Thursday, April 28, 2011

Oh my gosh!

Sending Morse Code over the airwaves is a passion of mine.  I guess I have made that obvious enough throughout the posts of this blog.  As I type this, I am sitting back, tuning through the 40 Meter CW portion of the band (yes, I do know that CW is allowed everywhere - but you know what I mean) just content to listen for a change.

There are some beautiful fists out there; and there are also some horrid ones.  I think there are several reasons for both - good and bad.

1) A good CW op will knows what their sending speed is and seldom pushes it too far past the boundaries of the envelope.  Yes, you have to push to improve; but if you push too far, your sending will suffer.  Hey, if you're comfortable at 5 or 10 WPM, there's no shame in that.  And if you're comfortable at 40 WPM, bully for you!  But if you're comfortable at 18 WPM, for example, why try sending at 25 WPM?  You're going to make more mistakes than is good form and it's going to sound terrible.

2) Spacing, spacing, spacing.  This is maybe the MOST important thing to pay attention to when sending Morse.  Spacing is everything !!!!  Noonewantstolistnetomorsecodethatissentlikethis. Itwilldriveyoucrazy.
A    t         t   h   e       s   a   m    e       t   o   k   e  n,      t   h   i   s         c   a   n      d   r  i   v   e       y   o   u  
n    u    t   s,       t   o   o  !  (And I don't mean slow sending - I mean sending with exaggerated pauses for spacing).

When you get behind that key, please try to send in a nice easy, conversational rhythm.  That's what makes for the best  QSOs.

3) When you make a mistake - admit it!  A series of about 5 dits ..... or even a ?  and then starting over again with the word you messed up on is a lot better than just glossing over it.  Sometimes trying to figure out what's being sent, whether or not a mistake was made can leave you scratching your head.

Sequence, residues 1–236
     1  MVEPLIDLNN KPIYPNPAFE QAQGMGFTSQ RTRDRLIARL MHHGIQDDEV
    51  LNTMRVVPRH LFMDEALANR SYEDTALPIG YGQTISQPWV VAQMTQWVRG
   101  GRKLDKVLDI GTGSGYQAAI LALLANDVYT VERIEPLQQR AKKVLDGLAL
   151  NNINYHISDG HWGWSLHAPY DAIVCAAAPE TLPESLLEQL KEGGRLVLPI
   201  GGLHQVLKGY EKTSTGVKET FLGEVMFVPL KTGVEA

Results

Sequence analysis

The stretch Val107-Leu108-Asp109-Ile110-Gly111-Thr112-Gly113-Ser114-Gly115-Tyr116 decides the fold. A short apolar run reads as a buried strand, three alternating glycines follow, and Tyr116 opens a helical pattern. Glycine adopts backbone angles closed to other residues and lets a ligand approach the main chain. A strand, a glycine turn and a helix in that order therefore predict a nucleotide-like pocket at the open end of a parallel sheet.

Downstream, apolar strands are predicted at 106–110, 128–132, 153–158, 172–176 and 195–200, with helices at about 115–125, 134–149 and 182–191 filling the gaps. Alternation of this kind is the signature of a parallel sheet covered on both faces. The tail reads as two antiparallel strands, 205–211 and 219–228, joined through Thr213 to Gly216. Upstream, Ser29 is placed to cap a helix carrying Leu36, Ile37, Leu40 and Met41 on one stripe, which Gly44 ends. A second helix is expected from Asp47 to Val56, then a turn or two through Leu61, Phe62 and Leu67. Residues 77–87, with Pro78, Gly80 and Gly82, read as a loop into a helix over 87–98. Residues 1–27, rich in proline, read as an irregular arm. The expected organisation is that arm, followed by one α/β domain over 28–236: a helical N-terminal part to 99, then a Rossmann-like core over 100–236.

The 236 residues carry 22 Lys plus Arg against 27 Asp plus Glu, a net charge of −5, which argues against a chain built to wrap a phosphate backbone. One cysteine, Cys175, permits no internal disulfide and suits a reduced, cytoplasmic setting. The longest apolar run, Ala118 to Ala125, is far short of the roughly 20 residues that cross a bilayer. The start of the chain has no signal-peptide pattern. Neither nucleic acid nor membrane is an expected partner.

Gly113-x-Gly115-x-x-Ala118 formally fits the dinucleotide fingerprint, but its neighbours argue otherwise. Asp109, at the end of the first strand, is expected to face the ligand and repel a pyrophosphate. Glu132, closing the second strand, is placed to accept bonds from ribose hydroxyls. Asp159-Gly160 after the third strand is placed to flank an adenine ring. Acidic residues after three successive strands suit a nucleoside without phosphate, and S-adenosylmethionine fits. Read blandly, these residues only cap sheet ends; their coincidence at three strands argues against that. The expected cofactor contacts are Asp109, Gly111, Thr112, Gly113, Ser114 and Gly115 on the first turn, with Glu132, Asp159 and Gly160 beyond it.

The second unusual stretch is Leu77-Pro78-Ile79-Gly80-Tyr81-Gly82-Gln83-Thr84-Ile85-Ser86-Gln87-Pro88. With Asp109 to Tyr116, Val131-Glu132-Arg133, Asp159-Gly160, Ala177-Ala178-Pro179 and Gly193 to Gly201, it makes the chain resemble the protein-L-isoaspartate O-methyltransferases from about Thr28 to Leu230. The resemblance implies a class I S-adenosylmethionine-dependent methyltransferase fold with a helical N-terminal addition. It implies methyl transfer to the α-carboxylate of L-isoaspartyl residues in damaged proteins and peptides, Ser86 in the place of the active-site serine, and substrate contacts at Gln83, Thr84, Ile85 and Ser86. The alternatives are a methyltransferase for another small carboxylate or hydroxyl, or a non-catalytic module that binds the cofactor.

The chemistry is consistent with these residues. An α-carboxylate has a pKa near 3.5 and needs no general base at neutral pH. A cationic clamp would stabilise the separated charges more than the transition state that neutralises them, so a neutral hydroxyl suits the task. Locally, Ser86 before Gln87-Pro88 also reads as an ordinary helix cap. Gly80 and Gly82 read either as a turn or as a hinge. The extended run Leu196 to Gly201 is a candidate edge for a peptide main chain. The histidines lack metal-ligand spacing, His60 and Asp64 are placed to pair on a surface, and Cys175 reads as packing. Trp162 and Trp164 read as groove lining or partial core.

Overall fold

Try to do your best, keeping it neat and not sloppy; and you will earn the reputation for having a fine fist.  Care about what you're doing and take pride in it - that's how the Old Timers did it in days of yore.  These practices will only enrich your CW experience.

72 de Larry W2LJ
QRP - When you care to send the very least!


  1. Thanks very much for the great advice Larry. My problem is when receiving CW I am shy to ask for repeats as I feel I am being looked at as "what can this guy copy or what" I have had listened to some QSO's were as you said the letters just flow together. As I am writing things down for practice I find that one long confusing word is actually two separate words. As I figure that out the sender is now far ahead of me and then I am lost all together. In regards to sending my rule is only send as fast as you can receive. I, as most others can send much faster than receiving but be prepared for the code to come back at you just as fast as it was sent. Thanks again Larry for the great advice.

  2. Hello Larry,

    Ditto, Just like a good piece of music. Rhythm and Spacing, and the choice of words and abbreviations!

    I've come to realize anything much above 10 wpm, has more to do with the person on the other end, than your ability to copy.

    I worked a guy in South Bend, IN last night, who could send flawless CW at over 20 wpm. And I could understand every letter and every word clearly. A real master with a key! (my normal speed is around 15 wpm)

    I admire those who can send and copy fast code. (I'm not one of them yet) but (as you say) a good fist is a gift. More to those that listen than those who send.

    Great post!

  3. Larry, I wonder what your opinion is of "non-standard" dah lengths? I hear guys every now and then where they're sending a dah that is significantly longer than the norm. I have enough trouble copying "standard" code, but I really have issues with those folks. I'm curious what you think.

    As for me, I solve my sending issues by mostly sending via keyboard. Still working on improving my manual fist though ...


  4. Anonymous2:17 PM

    All good points Larry. The only point I'm not completely decided on is how to acknowledge a mistake in sending. I used to always send a series of dits after a mistake until a very experienced op told me just to leave a short space and resend the word. I thinking his feeling was that if you do it that way, the series of dits is unneccesary. Either way works for me, but I tend to do it the latter way now.

  5. Larry,

    You are _so_ right about spacing!

    I felt so moved on this particular issue I published on a little web site of mine something in similar vein. See

    Great Blog!


    Martin - G4FUI